Even though we feel more fearful now due to the pandemic, we cannot deny the fact that in general, life has never really evaded us from dealing with our fears and challenges, one after another. If you think about it, these two things never really disappear from our lives. We often feel that if we can just fix this one problem, everything will be alright. But the truth is that even though the nature of our problems keep changing, they never really disappear. With a new face each time, we get stuck in a loop of falling into despair, and clawing our way out of one hardship to another.

When the outside becomes so frightening and painful, the only place left for us to go is inside, where we can start to address our accumulated pain and grief, and unlearn habits of fear. It is only on the inside that we can begin to free ourselves from the chronic damaging ego patterns, cyclical negative thinking, and repressed experiences and emotions, eventually allowing ourselves to choose to think, feel and live unfettered by their grasp.

I believe that in order to deal with fear and these troubling emotions, it has become extremely essential for us now, more than ever before, to start building a home within ourselves. I would like to call it our ‘sacred inner-home‘. Think of this as the safest place in the universe; always available to you, where you are allowed to feel what you feel without any judgement, a space where you are free to let go and heal.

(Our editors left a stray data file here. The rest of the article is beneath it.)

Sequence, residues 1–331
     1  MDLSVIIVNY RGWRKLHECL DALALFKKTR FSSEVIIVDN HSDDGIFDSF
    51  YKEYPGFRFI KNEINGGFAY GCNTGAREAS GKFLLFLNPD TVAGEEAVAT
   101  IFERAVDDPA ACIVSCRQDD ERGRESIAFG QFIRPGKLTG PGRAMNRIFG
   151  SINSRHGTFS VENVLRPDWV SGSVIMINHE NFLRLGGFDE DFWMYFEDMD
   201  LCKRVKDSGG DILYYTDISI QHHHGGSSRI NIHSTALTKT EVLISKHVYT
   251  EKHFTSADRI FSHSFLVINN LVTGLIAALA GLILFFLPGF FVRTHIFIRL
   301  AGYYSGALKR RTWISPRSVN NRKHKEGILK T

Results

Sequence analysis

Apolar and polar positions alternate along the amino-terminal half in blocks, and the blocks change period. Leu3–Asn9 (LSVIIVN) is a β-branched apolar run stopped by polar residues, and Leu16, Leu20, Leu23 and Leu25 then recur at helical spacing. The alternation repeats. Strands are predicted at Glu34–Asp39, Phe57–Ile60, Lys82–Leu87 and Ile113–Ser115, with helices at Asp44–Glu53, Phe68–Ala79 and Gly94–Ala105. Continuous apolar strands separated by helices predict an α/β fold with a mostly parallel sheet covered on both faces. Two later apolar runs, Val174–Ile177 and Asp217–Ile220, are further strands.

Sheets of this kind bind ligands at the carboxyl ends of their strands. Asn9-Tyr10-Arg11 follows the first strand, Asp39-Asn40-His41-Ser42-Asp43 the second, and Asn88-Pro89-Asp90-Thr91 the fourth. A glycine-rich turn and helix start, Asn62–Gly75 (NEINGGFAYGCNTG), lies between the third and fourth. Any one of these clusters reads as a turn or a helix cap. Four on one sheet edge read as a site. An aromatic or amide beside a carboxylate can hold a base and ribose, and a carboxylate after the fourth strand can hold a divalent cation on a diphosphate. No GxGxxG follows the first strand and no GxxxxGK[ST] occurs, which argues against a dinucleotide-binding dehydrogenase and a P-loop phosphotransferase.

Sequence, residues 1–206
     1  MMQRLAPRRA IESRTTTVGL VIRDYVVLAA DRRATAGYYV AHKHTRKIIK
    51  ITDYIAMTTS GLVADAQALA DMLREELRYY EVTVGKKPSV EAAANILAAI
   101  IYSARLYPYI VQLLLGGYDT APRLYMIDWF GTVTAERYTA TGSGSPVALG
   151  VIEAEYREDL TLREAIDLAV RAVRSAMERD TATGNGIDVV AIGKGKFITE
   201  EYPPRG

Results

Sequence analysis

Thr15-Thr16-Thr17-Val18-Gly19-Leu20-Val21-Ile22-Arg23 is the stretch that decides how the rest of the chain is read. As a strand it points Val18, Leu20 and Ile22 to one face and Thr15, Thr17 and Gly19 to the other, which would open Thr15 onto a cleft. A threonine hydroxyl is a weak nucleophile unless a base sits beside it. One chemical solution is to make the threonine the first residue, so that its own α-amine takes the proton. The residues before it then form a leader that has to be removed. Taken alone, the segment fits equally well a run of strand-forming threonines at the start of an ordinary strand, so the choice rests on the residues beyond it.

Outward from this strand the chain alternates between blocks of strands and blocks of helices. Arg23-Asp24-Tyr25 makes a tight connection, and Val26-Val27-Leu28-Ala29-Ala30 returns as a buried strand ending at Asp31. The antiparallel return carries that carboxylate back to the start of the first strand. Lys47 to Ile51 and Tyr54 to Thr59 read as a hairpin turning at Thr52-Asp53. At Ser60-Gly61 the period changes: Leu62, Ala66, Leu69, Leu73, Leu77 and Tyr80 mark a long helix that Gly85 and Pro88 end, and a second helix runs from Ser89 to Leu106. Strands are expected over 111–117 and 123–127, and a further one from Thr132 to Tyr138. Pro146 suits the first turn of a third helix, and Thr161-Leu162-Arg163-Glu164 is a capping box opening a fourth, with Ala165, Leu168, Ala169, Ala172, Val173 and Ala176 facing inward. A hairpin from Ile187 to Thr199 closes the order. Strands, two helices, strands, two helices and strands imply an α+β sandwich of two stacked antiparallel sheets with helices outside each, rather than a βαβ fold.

This is your ‘Sacred Inner-Home

You are welcomed here with arms wide open.

You are accepted here with all your faults and imperfections.

You are showered here with unconditional love.

 And, above all, here, you are allowed to just ‘be’ – peacefully.


We often spend our whole lives saving up or working hard for that one beautiful dream house we desire in this world, but have you ever thought about creating a home within yourself?